According to a recent survey by the Pew Research Center, 84 percent of South Koreans today hold a favorable attitude toward the United States. However, between 1999 and 2002, a wave of anti-Americanism swept through Korean society. During that period, hundreds of thousands of Koreans took to the streets at various times to protest against their closest foreign ally. While many attribute this anger toward the United States to specific incidents, a deeper national narrative underlies this anti-American sentiment.
On November 6, the Center for East Asia Policy Studies at Brookings hosted David Straub to discuss his new book, “Anti-Americanism in Democratizing South Korea” (Shorenstein Asia-Pacific Research Center, 2015), in which he explores the attitudes of Koreans toward the United States. Straub served as head of the political section at the U.S. embassy in Seoul from 1999 to 2002, during the protests against the U.S. Brookings senior fellow Michael O’Hanlon provided introductory remarks and Andrew Yeo of Catholic University commented on the presentation and moderated the discussion.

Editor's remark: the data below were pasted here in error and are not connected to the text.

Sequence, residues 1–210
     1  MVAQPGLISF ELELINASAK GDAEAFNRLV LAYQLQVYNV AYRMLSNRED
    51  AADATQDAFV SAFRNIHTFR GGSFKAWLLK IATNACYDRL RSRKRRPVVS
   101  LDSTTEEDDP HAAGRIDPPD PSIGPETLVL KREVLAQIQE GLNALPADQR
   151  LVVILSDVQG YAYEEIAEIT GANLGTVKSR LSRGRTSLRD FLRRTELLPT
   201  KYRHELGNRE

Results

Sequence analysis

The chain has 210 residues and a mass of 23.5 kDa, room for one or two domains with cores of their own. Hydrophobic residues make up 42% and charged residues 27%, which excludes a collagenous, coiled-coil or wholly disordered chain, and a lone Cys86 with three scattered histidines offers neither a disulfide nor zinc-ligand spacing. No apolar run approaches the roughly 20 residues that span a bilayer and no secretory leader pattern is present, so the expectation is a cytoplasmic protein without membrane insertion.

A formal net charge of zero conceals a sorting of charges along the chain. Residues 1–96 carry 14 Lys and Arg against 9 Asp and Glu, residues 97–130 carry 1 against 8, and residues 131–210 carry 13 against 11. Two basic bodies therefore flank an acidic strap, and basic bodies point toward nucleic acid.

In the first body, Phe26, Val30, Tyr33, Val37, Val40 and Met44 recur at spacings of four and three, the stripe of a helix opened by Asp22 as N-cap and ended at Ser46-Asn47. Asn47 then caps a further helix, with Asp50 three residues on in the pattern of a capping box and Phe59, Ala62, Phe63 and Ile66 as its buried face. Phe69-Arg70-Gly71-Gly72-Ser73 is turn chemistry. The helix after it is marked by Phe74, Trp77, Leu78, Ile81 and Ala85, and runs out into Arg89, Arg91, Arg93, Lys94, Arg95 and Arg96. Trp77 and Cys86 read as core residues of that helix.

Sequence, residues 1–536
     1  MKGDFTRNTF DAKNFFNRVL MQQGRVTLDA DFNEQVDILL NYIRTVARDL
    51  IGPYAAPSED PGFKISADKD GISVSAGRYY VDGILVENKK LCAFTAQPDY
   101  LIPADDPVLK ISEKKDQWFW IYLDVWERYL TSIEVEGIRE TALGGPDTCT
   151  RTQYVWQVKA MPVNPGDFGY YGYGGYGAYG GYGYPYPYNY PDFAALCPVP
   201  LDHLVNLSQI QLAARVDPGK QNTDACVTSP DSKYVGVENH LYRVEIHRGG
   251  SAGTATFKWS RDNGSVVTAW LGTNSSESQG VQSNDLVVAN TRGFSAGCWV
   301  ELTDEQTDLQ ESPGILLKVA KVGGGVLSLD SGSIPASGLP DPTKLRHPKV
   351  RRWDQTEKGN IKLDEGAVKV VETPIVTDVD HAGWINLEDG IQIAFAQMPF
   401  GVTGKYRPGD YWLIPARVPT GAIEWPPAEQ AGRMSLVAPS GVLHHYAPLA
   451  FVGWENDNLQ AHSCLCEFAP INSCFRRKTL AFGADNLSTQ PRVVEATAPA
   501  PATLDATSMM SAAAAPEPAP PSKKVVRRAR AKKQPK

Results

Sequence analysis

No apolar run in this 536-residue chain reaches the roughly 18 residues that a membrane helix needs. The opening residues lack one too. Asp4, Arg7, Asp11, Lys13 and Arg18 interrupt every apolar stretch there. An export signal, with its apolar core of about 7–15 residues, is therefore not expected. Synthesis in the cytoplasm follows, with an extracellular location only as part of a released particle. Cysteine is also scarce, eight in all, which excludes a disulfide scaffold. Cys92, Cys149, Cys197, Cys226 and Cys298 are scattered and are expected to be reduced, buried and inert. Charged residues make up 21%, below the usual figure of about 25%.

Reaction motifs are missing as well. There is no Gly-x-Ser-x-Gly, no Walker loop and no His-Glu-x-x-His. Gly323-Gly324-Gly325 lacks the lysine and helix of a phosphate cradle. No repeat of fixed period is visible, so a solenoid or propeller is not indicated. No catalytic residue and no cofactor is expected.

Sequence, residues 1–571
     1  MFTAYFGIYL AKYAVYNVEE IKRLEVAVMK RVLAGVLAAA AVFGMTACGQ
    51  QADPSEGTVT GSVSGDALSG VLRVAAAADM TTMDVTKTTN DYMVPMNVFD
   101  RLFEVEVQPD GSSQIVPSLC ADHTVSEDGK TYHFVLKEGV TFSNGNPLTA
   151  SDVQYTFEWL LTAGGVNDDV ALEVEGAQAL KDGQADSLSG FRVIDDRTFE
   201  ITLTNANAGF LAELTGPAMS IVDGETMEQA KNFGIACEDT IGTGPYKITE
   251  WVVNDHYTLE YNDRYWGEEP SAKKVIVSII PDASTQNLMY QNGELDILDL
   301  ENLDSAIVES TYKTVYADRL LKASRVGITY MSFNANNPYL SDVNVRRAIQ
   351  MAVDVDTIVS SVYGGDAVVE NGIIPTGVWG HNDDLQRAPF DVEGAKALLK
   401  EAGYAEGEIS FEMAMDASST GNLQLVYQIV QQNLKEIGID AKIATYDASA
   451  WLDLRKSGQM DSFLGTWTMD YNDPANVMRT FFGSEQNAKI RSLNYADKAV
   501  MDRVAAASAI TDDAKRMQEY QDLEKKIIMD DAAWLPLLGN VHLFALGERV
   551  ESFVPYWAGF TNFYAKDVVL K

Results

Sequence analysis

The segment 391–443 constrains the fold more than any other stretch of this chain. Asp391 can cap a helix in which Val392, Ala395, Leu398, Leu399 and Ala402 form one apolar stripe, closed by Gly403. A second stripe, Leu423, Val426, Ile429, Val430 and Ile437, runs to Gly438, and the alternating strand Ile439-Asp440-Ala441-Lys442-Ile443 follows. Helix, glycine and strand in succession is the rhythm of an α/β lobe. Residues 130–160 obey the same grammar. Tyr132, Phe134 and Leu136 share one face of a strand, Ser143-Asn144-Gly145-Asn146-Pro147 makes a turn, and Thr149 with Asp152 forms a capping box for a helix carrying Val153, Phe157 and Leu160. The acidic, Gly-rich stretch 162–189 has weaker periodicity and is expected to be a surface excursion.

Jonathan D. Pollack
September 4, 2015
Katharine H.S. Moon
August 17, 2015
Evans J.R. Revere
August 18, 2015
"Anti-Americanism in Democratizing South Korea"
Discussant and moderator
Welcome and introductionMichael E. O’Hanlon Director of Research - Foreign Policy, Director - Strobe Talbott Center for Security, Strategy, and Technology, Co-Director - Africa Security Initiative, Senior Fellow - Foreign Policy, Strobe Talbott Center for Security, Strategy, and Technology, Philip H. Knight Chair in Defense and Strategy